Teachers use this activity for any project where students are asked to create a story on film or another visual presentation (Prezi, PowerPoint), including the Virtual Walking Tour project (students research the Jewish community in their town and create an online tour using Google Maps that others can take). The goal of this activity is to help students see how a story told in film is told through narrative, visuals and audio. Students watch a short Centropa personal story film three times, each time focusing on one aspect of the film-making.
This lesson asks students to research family history and to create a project that tells the story of his/her family origins. Using the Centropa films about Max Uri and Jozsef Faludi students examine issues regarding Jewish identity and cheder (Jewish religious school) and students compare specific issues in the films with their own lives today. Then, the lesson employs Centropa-inspired techniques to ask students to create their own short films about their personal family history.
Students interviewed and took pictures of a relative while they prepared a favorite family recipe. The students then created a PowerPoint presentation that included their relative preparing the dish; background information about the recipe and the family member; and a recipe from Centropa that will highlight the similarities in Jewish cooking. Students’ interactions through family collaborative tasks can provide opportunities for them to acquire knowledge that may ultimately influence their personal development and growth.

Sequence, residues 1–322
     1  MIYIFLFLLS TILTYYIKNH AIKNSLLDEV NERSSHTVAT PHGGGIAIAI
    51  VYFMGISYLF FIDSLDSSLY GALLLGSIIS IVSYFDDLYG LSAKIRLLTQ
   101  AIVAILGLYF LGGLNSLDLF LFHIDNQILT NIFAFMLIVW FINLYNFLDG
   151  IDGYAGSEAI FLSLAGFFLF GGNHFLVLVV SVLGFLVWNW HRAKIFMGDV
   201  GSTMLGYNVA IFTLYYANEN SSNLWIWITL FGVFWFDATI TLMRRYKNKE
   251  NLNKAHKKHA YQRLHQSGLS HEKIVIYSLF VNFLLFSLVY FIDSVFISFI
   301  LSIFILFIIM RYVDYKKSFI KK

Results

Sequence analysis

In this family history project, students conduct oral histories with family members with the objective of creating a final project about their family history and understanding how an individual's family story is part of the larger story of Jewish history. The project begins in November, starting with the National Day of Listening Project (http://nationaldayoflistening.org).
Just as we pass the Torah from one generation to the next at bar and bat mitzvahs, so do we pass family stories dor l’dor (from generation to generation). Stories connect us to our history, our traditions, and who we are.